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OLDaily
By Stephen Downes
November 29, 2002

Evaluation Report of the Becta Digital Video Pilot Project When I was at AusWeb 01 I spent most of the conference working on a video project (I never did get my CD - if anyone out there has a copy of the video we created, please send it to me so I can share it with the list), making it one of my more interesting conference experiences. This report summarizes the results of similar exercises with similar technology that took place in 50 schools across the U.K. In sum, the use of video editing was found to increase pupil engagement with the curriculum, to promote and develop a range of learning styles, and to motivate and engage a wider range of pupils than traditional teaching methods. But digital video is no magic solution. It did not automatically improve the quality of work or standards of attainment. Teaching remains the key factor in raising achievement, but teachers need to be clear about their role in the process and what counts as creativity in digital video. By Mark Reid, Andrew Burn and David Parker, (British Educational Communications and Technology Agency, October, 2002 [Refer][Research][Reflect]

Collaborative Representations: Supporting Face to Face and Online Knowledge-building Discourse It took me a couple of attempts to get the gist of this article (which I attribute to the use of a two-column PDF format, terrible for screen reading). But the main idea is to explore how the visual representation of information and online collaboration can be combined into a single system. It's a good insight and the diagrams on the third or fourth page show clearly how interaction and visual representation need to be integrated. Many more papers by the same group are available here. By Daniel D. Suthers, Proceedings of the 34th Hawai`i International Conference on the System Sciences , January, 2001 [Refer][Research][Reflect]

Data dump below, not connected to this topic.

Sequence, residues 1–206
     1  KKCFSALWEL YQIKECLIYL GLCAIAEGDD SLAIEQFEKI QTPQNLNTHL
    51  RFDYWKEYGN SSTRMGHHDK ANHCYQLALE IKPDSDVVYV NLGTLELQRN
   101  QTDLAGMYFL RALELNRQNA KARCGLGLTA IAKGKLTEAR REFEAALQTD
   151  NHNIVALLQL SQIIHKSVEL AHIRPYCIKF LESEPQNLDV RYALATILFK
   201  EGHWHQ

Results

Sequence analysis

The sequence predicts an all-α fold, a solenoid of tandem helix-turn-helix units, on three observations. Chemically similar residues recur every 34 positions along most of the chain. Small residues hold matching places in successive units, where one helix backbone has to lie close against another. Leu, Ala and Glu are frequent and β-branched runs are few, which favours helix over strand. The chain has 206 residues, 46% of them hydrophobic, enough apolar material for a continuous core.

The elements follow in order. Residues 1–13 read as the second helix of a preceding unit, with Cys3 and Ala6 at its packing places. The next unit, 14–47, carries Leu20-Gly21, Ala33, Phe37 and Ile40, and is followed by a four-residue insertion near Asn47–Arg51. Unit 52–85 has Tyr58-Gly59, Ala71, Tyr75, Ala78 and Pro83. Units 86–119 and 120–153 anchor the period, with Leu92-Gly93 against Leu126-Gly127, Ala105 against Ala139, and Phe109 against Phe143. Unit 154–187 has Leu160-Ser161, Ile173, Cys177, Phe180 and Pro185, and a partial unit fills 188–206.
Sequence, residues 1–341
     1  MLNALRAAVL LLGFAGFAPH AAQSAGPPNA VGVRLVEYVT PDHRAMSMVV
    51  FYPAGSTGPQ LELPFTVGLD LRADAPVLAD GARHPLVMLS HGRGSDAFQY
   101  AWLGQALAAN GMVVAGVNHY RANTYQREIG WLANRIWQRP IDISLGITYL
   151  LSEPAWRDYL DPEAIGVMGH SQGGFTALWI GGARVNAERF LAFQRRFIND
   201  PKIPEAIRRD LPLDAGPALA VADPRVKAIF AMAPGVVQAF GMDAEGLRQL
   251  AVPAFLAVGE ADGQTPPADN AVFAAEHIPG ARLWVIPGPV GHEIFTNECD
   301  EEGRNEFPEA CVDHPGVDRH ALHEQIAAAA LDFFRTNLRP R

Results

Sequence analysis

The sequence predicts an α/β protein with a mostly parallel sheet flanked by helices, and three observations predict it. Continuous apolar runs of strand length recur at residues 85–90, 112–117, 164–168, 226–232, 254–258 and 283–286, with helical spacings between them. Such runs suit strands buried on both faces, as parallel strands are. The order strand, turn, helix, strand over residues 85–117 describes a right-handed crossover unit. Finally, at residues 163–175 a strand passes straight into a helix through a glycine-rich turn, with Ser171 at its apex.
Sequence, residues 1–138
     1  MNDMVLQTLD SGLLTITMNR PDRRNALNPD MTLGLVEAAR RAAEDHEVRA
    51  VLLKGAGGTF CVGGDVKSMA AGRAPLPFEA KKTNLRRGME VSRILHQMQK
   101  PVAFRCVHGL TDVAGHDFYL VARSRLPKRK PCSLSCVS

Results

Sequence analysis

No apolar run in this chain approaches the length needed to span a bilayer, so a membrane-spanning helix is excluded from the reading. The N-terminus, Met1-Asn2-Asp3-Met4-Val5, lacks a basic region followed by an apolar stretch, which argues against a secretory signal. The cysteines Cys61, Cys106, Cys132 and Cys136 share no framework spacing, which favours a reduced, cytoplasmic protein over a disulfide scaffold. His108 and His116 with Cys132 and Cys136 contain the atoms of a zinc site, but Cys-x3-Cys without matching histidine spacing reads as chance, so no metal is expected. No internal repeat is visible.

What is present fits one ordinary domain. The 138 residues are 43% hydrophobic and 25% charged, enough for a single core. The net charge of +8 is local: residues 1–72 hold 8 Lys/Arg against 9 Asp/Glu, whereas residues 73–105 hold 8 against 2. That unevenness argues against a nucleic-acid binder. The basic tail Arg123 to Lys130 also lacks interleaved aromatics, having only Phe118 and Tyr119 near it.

Linkages Between Secondary and Post-secondary Vocational Education and Training in China and Australia As the title suggests, this book length PDF compares vocational education in the two countries. Perhaps the most telling difference is that the system in Australi is tied more closely to desired outcomes, while China's is based on a system of linkages.There is also more corporate participation in the Australian system, though their Chinese counterparts are expected to play an increasing role. If you don't have time to read a book, the table of comparisons on page 131 is a nice summary. By Josie Misko, et.al., National Centre for Vocational Education Research, November, 2002 [Refer][Research][Reflect]

Information Superhighway Has Potholes and Pitfalls for High Schools Journalists sometimes like to be cute, and this sometimes results in the mangling of meaning. Thus while writing about the "information gap" the author in this case intends not to write about inequalities or access, as the phrase implies, but rather differences in the information sent from schools to parents and differences in the quality of their websites. By Karin Chenoweth, Washington Post, November 21, 2002 [Refer][Research][Reflect]

12 Kinds of Knowledge Workers George Siemens picked up this little item for elearnspace. There are some language and formatting issues, and I'm not sure I agree with this list (the categorizations are either too broad or too narrow, I'm not sure which), but it's worth the minute it will take you to read. By David Skyrme, Brain to Brain, November 23, 2002 [Refer][Research][Reflect]

Open Journal System The Open Journal System is a nice piece of software that provides simple tool for the online publication of academic papes. OJS assists with every stage of the refereed publishing process, from submissions through to online publication and indexing. The software, available for download on the site, adheres to Open Access Initiative specifications. Written using PHP and MySQL. By John Willinsky, Public Knowledge Project, Undated [Refer][Research][Reflect]

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Copyright 2002 Stephen Downes